The road to hell is often paved with good intentions (and shortsightedness). Prima facie, the intent behind the Uttar Pradesh government ordinance seems good considering it aims to protect frontline officers and doctors who may have faced harassment by coronavirus-infected patients. The law also aims to deter Covid-19 positive people from hiding information from others because it can potentially put a lot of citizens at risk. Thus, UP chief minister Adityanath and his cabinet may have felt that by promulgating this ordinance, they are putting a tight safety net.

However, operationalising such a law may lead to further problems rather than offering solutions to deal with the current crisis. The biggest challenge would be to establish criminal intent in this case, especially when the police force (which will be tasked to establish criminal intent) is overburdened. This could be a disastrous policy move as it will further stigmatise already suffering Covid-19 patients and her families.

In my opinion, there may be a handful number of people hiding their infection status (or behaving rudely with the doctors and nurses) and thereby spreading the disease. We don’t need another law that has been hastily put together by the state cabinet and senior bureaucrats, without thinking deeply about the unintended consequences. The cabinet should have held a wider consultation with doctors who are at the forefront of the Covid-19 crisis, epidemiologists who have a far better understanding of such diseases spread, and legal experts.

Yogi govt took tough stand on Covid crisis right from the beginning. This ordinance is part of it

A.K. Verma
Director, Centre for the Study of Society and Politics, Kanpur

The coronavirus pandemic has claimed many lives around the world. In US, the deadly virus has caused 70,000 deaths. Does this mean that the West took Covid-19 lightly?

India is fortunate that early initiatives by PM Narendra Modi — lockdown and social distancing — have kept Covid-19 casualties low.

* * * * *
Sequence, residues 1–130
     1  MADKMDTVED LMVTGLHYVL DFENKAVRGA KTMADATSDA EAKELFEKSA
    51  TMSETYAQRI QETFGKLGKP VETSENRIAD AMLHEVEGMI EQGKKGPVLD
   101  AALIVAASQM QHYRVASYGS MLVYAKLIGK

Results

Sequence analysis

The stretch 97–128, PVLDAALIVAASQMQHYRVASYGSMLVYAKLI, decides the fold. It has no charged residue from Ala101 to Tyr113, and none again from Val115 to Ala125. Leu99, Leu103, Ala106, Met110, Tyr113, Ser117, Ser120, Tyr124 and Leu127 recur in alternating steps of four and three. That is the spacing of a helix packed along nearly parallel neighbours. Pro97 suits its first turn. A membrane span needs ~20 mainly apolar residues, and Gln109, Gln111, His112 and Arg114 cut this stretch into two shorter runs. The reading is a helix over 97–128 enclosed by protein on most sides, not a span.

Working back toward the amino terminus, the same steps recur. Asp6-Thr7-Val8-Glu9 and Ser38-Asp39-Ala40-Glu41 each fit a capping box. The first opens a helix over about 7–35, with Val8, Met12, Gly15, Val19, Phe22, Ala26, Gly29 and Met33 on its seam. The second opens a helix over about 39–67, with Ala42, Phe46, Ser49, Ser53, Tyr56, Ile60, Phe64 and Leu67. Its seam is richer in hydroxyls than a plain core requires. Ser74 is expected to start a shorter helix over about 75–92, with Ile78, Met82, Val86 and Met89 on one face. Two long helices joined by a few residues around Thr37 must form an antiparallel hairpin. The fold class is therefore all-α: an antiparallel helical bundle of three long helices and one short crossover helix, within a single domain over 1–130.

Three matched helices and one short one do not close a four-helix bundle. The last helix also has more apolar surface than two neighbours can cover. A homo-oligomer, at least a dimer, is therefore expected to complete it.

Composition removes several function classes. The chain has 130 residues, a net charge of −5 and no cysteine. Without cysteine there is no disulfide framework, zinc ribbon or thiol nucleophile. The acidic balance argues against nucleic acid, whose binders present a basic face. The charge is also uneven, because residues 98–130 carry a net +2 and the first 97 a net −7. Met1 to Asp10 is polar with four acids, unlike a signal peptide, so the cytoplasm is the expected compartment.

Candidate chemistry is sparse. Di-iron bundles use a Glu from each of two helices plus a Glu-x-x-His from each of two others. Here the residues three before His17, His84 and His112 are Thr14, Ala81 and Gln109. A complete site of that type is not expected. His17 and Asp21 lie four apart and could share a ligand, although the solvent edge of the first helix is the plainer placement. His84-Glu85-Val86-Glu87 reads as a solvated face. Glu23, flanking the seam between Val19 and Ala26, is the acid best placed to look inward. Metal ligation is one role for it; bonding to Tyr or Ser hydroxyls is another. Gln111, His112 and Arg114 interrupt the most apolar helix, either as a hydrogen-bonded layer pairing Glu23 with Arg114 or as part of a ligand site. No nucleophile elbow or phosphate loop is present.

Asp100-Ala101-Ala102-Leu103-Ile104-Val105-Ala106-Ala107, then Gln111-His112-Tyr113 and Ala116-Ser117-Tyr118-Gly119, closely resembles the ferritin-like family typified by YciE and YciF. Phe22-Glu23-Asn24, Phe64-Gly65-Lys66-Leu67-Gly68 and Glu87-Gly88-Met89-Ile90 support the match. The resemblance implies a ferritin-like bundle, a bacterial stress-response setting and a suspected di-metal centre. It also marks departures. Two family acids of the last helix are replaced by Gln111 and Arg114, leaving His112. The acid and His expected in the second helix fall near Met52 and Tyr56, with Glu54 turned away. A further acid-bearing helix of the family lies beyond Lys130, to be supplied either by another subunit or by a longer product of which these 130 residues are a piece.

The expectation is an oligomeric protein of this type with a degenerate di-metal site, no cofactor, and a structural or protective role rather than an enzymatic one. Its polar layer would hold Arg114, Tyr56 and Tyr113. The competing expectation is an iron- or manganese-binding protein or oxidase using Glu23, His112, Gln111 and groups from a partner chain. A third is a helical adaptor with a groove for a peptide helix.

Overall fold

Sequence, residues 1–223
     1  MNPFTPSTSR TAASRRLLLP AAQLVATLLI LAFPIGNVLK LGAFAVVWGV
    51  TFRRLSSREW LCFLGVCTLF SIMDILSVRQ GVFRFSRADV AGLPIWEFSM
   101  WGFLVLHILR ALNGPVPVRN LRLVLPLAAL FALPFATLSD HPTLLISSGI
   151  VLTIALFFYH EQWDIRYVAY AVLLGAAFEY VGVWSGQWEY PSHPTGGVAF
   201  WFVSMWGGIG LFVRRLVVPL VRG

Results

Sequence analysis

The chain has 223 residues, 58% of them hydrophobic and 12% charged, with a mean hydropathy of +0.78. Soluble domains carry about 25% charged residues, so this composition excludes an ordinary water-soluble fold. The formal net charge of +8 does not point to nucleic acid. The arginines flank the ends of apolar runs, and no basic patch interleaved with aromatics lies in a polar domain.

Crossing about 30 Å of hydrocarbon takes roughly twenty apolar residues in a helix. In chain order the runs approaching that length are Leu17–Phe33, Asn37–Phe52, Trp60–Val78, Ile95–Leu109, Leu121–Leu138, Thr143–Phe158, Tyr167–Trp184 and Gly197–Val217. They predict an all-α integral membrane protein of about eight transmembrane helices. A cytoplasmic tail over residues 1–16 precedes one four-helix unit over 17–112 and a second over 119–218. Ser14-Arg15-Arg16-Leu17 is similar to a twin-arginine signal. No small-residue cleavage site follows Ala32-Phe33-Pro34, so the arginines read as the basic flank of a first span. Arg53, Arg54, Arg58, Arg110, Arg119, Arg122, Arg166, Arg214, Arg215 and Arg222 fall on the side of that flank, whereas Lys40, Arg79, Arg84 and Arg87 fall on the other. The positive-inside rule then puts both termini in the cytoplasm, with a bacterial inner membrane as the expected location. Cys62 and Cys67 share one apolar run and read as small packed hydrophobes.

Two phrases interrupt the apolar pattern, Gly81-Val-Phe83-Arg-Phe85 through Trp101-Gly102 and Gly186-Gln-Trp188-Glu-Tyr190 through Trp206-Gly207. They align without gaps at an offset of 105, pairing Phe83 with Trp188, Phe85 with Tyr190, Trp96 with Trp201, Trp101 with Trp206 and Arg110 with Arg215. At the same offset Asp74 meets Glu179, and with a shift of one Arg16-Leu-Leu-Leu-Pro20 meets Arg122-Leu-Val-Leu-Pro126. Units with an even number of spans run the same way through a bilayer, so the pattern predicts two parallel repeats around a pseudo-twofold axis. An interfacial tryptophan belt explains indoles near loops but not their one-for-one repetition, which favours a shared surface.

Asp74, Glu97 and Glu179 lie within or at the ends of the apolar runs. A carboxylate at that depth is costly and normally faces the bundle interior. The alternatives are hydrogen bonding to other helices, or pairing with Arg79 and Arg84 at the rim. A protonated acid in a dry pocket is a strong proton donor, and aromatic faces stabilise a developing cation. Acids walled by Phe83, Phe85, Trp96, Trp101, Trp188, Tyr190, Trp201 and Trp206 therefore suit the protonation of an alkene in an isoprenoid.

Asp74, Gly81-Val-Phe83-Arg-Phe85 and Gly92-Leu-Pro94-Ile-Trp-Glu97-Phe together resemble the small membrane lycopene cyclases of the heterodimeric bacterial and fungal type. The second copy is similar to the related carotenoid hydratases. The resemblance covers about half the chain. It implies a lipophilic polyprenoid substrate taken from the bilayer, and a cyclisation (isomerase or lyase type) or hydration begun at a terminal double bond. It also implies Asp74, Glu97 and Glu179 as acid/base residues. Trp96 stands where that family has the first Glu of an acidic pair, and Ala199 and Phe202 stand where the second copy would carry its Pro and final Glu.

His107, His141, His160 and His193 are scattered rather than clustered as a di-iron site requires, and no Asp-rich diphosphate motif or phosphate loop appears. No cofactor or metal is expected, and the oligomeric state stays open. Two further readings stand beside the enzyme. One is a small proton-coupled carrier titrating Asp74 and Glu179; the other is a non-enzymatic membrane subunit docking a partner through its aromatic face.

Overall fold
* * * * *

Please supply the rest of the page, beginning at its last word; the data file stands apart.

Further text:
Unfortunately, a few people from the Tablighi Jamaat created an unfortunate situation by hiding their infection and being carriers — thereby, threatening the lives of their relatives as well as society.

To add insult to injury, when they were brought to hospitals, they reportedly spat at doctors and misbehaved with them. Some made offensive remarks against nurses in a Ghaziabad hospital, and were also roaming around nude.

They became a headache for the doctors, nurses and the local administration.

If left unchecked, they would become an even bigger threat. This could demoralise the Covid warriors.

UP CM Yogi Adityanath took a tough stand right from the beginning when there were initial attacks on doctors at Moradabad and elsewhere. So, as the national as well as state governments confront the Covid-19 crisis, all steps — be it medical, legal, psychological and social — should be taken to defeat it and save humanity. The latest Yogi ordinance should be seen in that context.

Also read: How can Mamata Banerjee’s TMC recover lost political ground after ‘fudging’ Covid numbers? 

By Pia Krishnankutty, journalist at ThePrint

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  1. The ordinance is bad in law. How one can decide who is an intentional infector? One can say person is a negligent infector, but an ‘ intentional’ infector? How a motive can be proved in such circumstances? The ordinance should be challenged in the Apex Court.

  2. Once a person is advised home quarantine, or has been diagnosed as infected, or has been hospitalized due to infection, he/ she cannot be considered Ill informed. If such a person deliberately acts in a manner facilitating the spread of the infection, then that person is criminally liable. There are precious human lives involved, and cannot be risked by such criminal acts. As this infection is vastly different in its nature,the world has not witnessed, it will take a new approach to contain it.